Tuesday, April 2, 2013

Fear and Loathing




I’ve tried to sit down and write a post here numerous times over the past month, but it never materializes. The words aren’t there. The motivation isn’t there. And instead of fighting it for no reason, I just accept it telling myself that one day the words and motivation will return. If they don’t, no worries, but if they do, I have this space to fill with them. The last couple of days, however, there have been plenty of words, too many words, crowding out my confused mind and weighing me down like the heavy burden they can so often be.

I need to begin at the beginning.

Last April, almost a year ago now, I lost my beautiful girl Fozzie to cancer. I was (and honestly, still am) crushed that as her caretaker and companion I couldn’t save her, so in a determined effort to find the silver lining to her death, Steven and I set out to rescue a dog who really needed saving. A dog whose time was up and who had no other chance for rescue, which is how we found Honey Bee-- a sick, emaciated little pit bull mix huddled in the corner of her kennel at the county shelter, completely withdrawn, completely out of time. In fact, she was so out of time that we had to beg for an extension to her euthanasia date just to adopt her, which they finally granted. In all actuality, she wasn’t the one we were “looking for” when we set out to the shelter that day, but she was the one who needed rescuing, and so we rescued.


We brought her home, nursed her to health, and she quickly transformed from the broken creature we met at the shelter who had completely given up into a happy lovebug of an overgrown puppy. And despite that we knew nothing about her past or her temperament, she proved to be fine with my other dogs (so long as they stayed away from her food), my cats, my chickens, and even my tiny rabbit and the kittens we fostered shortly after adopting her. There were a few incidents along the way in which she snapped at Digby, my dachshund, always over food and always situations I blame myself for not being more careful to prevent. But no one was ever seriously injured and Honey always responded almost immediately to us.


Fast forward to Sunday. I spent the day kayaking and playing in springs and having a grand ol’ time. I came home to change clothes and let the dogs out before going to dinner. Nothing out of the ordinary. While in the backyard with the dogs, I was walking towards the back door when I saw Honey Bee latch on to Digby’s head and start shaking him. There was no food anywhere like the other times, nothing that I can directly pinpoint as the trigger like the other times, and also unlike the other times, she wouldn’t let go. I tried my best to separate them, but she was entirely unresponsive, which is not like her. I felt my heart stop. I can still feel it stop when I envision what could have happened had I not been a few feet away and had I not finally pried her mouth open just enough to drop him.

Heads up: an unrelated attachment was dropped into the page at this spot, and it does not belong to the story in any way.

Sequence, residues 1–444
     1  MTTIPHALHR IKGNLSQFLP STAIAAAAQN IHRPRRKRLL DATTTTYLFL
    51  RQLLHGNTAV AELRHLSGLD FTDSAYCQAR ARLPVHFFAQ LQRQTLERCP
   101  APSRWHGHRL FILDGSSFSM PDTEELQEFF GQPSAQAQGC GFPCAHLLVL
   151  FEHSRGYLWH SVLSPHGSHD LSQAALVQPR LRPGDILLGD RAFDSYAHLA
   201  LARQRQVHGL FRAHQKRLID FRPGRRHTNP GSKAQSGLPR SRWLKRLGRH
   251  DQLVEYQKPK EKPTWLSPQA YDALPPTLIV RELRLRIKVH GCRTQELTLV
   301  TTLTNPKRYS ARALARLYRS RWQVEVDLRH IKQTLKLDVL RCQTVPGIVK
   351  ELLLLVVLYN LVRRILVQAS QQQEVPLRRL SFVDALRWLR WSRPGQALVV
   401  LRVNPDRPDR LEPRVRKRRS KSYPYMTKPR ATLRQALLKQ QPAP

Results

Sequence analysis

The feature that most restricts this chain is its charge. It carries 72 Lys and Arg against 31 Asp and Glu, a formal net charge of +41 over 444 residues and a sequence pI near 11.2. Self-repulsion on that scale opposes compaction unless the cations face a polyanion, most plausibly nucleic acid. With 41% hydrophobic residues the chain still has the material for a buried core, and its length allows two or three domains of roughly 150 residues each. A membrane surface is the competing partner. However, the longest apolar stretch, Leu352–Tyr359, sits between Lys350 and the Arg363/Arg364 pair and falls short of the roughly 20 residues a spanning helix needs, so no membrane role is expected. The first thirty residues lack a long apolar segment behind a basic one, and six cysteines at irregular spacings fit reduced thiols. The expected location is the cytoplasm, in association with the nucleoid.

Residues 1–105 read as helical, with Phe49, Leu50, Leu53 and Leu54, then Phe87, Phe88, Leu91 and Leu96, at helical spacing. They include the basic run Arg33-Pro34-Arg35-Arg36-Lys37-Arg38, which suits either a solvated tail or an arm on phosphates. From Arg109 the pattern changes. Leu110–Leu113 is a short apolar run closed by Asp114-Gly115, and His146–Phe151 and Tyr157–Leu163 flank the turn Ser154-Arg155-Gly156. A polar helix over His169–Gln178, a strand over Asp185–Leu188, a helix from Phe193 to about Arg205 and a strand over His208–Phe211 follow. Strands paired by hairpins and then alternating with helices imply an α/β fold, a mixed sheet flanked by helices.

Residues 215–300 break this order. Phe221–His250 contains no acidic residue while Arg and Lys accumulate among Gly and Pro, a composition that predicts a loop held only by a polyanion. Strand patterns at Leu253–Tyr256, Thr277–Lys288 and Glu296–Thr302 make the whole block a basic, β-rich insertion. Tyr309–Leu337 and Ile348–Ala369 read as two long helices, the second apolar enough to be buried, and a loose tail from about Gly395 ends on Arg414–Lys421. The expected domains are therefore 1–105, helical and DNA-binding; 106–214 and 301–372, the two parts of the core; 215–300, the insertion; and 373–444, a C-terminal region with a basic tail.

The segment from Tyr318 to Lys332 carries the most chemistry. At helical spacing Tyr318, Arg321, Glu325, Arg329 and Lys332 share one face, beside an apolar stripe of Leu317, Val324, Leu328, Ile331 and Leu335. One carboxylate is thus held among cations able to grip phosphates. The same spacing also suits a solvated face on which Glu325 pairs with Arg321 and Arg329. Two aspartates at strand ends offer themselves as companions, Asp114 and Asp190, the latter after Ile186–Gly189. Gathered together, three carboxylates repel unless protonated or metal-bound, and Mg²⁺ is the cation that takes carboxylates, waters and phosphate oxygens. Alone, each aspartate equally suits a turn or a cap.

I spent the rest of the night cleaning Digby with hydrogen peroxide and cradling him until he stopped shaking and whimpering. His injuries did not appear to be bad enough to call for a trip to the emergency vet, with whom I’ve had numerous negative and expensive experiences, so I held him all night and checked on him every few hours (since I couldn’t sleep anyway) and took him to the vet Monday morning. They cleaned him up again, put staples in his head to close the two puncture wounds, gave him an antibiotic shot and an anti-inflammatory shot, and sent me home with medication.

Relaying what happened is the easy part. Figuring out the next chapter is where the words start jumbling and disappearing altogether. Digby will be ok. His wounds will heal. He will resume his normal ridiculous personality. But beyond that, I’m lost. Completely.

I’m the one who rescues dogs. I’m the one who judges people who give up their dogs or who even consider that an option. I’m the one who trusts that wherever there’s a will there’s a way. I’m the one who believes that I don’t need help, because my love of animals enables me to do anything. And now I’m the one who finally feels scared and alone and overwhelmed and hopeless and frustrated. All things I consistently tell myself I’m not.


I finally have to admit that I have a dog I cannot safely and reliably control and it’s my own fault and something bad could happen as a result. Honey Bee responds positively to men and she responds positively to calm assertive energy more than anything, neither of which I am or possess. I’ve hired enough dog trainers to know that despite my efforts, I’m not a pack leader by any stretch, I’m just their buddy and dogs don’t respect a buddy. When Steven moved out in November, Honey lost her authority figure and as such began exhibiting more and more unstable energy. While I did my best to remedy the situation and be the owner she needs, I have clearly fallen short. It is just me, the sole caretaker of 4 dogs, a house, numerous other pets, who works full time, etc., and I am not infallible.